When DIY Estate Planning Goes Wrong
Estate planning is essential to ensuring a person’s assets are dispersed efficiently and as fairly as possible when they pass. While many believe they can save time and money by taking a DIY approach to estate planning, such a choice can ultimately do more harm than good. Stakes are high, and even the tiniest of mistakes can have serious, long-term consequences. Here are just a few of the most common errors made by people preparing their own estate planning documents:
Overlooking Important Legal Documents
Knowledge blind spots can be deceptively dangerous – after all, you don’t know what you don’t know. Even if your will is in perfect order, your assets may end up going through an expensive probate process if you overlook key components of the estate planning process. It can be difficult to keep track of the various documents provided to you by bankers, mortgage brokers, financial planners and insurance agents. To ensure you’re not forgetting anything important, work with a professional estate planning attorney.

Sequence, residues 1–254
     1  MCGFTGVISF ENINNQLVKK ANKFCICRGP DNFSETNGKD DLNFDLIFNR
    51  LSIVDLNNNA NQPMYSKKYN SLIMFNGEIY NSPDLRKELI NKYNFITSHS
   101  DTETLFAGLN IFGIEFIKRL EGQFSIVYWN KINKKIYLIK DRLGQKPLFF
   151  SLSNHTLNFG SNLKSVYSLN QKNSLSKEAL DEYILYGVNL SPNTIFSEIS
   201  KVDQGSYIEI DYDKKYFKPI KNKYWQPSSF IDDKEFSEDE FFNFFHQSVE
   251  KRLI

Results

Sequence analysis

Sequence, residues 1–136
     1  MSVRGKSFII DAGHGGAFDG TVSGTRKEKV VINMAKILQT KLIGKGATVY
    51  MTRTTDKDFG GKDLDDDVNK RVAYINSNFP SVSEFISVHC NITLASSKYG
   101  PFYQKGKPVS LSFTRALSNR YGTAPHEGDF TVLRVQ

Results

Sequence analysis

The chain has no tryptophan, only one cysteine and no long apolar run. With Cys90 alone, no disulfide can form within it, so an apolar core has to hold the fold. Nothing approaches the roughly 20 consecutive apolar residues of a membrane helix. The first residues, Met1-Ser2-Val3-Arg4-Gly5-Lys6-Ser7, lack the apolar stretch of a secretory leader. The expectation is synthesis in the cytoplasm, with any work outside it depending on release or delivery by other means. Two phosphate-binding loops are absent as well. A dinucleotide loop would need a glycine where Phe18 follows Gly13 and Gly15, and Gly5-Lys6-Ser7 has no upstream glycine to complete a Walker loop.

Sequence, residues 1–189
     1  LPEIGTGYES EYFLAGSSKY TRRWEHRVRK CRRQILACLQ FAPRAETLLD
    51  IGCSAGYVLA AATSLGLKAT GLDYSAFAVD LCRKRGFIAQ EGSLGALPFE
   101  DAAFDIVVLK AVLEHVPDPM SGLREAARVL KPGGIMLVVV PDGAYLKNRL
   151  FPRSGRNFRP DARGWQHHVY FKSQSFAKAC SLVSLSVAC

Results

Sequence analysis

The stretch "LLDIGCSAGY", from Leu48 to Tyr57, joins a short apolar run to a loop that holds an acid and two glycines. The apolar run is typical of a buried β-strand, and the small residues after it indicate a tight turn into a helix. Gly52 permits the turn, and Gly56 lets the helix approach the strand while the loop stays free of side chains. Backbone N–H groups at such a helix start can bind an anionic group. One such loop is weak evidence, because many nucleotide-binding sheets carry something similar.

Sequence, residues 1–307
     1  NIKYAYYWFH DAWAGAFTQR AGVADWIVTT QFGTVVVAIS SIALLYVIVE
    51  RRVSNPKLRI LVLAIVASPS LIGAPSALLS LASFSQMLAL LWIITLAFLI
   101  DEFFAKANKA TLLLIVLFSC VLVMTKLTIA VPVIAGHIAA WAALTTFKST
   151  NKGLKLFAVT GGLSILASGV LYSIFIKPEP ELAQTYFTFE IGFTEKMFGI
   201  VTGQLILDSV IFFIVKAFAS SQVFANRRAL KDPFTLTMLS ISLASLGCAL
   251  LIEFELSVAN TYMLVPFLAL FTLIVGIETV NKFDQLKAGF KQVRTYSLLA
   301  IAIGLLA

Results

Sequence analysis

Forgetting to Update Plans
Family dynamics change more frequently than we might expect. Couples get divorced, loved ones pass away, and trusted relationships wear thin. We often think of estate planning as a singular appointment or strategy, but the process deserves your attention at least annually. Without updating your estate plans in a timely fashion, your assets could wind up in the pockets of those you trust the least. By meeting regularly with a trusted estate planning attorney, you can ensure your wealth is protected as it grows and changes over time.
Failing to Get Proper Signatures
Not all signatures are created equal. In fact, if you don’t have the right number of witnesses to the signing of your will, your estate could be in hot water. A failure to adhere to the rules surrounding witnesses and signatures could invalidate your will entirely. No matter how carefully you created your estate plan, it will be for naught if you don’t follow the witness and signature regulations on all estate planning documents.
Do Your Due Diligence Now
If you’ve begun the estate planning process independently, it may indeed be time to schedule an appointment with an attorney experienced in wills, trusts, and retirement planning. With so much at stake, why run the risk of your wealth being improperly handled? Instead, do the due diligence necessary to ensure your family, loved ones, and assets are managed with care. Contact the Wilson+Miller team today to get started: 501-221-7776.